Eye diseases including cataract, keratitis and pterygium have been reported to be sun-exposure-related. The association between macular degeneration and blue light has also been discussed. Moreover, it is hypothesized that retinal exposure to blue light may influence the human circadian rhythm. However, no monitoring devices exist that can measure eye exposure to visible and ultraviolet (UV) radiation over time. To measure the exact dose at specific times, we have developed a novel sensing system (ray-sensing glass system: RaySeG). RaySeG can continuously measure and record the composition and intensity of light with a time-stamped system. Subjects wearing RaySeG were instructed to walk under various light conditions such as indoor and outdoor. RaySeG consists of two sensors embedded in the eyeglasses. These sensors are for UV (260-400 nm), visible lights (red, 615 nm; green, 540 nm; and blue, 465 nm: peak wavelength for each). The total weight of the system is about 100 g, and the size is comparable to that of a digital audio player. The system continuously recorded changes in visible and UV light exposure under various conditions. After accuracy validation, further experiments with a larger number of subjects are required. Our final goal is to apply the system to evaluating personal eye exposure to UV and visible light in epidemiological studies of eye diseases and circadian rhythm abnormality.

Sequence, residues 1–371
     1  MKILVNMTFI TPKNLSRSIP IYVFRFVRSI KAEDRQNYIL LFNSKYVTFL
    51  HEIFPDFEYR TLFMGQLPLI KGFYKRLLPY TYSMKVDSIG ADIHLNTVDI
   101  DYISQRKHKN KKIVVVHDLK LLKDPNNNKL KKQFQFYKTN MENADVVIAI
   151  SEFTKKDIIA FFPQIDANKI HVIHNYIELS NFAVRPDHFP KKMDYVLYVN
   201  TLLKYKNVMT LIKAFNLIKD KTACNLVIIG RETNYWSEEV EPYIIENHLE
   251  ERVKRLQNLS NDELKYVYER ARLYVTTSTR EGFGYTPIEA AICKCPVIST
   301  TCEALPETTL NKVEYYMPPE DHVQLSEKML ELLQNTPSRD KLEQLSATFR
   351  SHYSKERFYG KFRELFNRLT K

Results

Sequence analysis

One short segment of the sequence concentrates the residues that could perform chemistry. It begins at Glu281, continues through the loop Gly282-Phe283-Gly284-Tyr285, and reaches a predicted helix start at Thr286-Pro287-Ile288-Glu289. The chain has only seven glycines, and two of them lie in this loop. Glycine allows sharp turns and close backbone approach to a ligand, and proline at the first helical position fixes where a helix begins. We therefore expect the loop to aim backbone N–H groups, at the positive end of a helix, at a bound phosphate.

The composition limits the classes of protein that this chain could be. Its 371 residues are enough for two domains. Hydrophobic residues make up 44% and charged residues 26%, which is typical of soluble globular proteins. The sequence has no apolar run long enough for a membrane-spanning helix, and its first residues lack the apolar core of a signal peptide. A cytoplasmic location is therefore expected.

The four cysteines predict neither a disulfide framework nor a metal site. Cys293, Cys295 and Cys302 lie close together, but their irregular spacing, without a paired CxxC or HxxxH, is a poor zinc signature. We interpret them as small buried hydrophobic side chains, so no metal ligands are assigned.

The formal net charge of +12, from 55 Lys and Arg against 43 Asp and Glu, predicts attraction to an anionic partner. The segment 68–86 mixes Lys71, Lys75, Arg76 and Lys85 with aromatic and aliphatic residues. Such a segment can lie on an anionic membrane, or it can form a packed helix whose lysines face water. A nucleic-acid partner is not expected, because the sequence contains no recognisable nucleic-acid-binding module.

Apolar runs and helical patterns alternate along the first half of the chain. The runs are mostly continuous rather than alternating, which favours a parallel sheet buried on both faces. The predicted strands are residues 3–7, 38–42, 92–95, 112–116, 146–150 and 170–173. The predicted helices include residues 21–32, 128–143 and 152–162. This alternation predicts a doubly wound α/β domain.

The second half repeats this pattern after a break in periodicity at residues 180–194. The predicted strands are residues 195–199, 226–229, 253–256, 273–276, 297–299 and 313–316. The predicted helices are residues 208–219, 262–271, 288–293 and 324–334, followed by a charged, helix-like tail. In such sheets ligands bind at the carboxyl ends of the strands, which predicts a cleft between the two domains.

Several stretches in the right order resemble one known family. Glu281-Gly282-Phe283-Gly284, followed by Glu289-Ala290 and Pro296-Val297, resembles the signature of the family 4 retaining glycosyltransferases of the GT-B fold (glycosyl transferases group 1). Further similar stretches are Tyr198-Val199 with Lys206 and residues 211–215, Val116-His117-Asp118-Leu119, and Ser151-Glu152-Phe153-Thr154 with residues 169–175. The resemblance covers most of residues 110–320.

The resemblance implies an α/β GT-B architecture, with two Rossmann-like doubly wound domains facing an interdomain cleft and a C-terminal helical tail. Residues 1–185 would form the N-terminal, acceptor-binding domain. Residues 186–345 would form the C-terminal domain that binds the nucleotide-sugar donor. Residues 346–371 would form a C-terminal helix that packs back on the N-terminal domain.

|Number of pages
|Nihon eiseigaku zasshi. Japanese journal of hygiene
|Published - 2013
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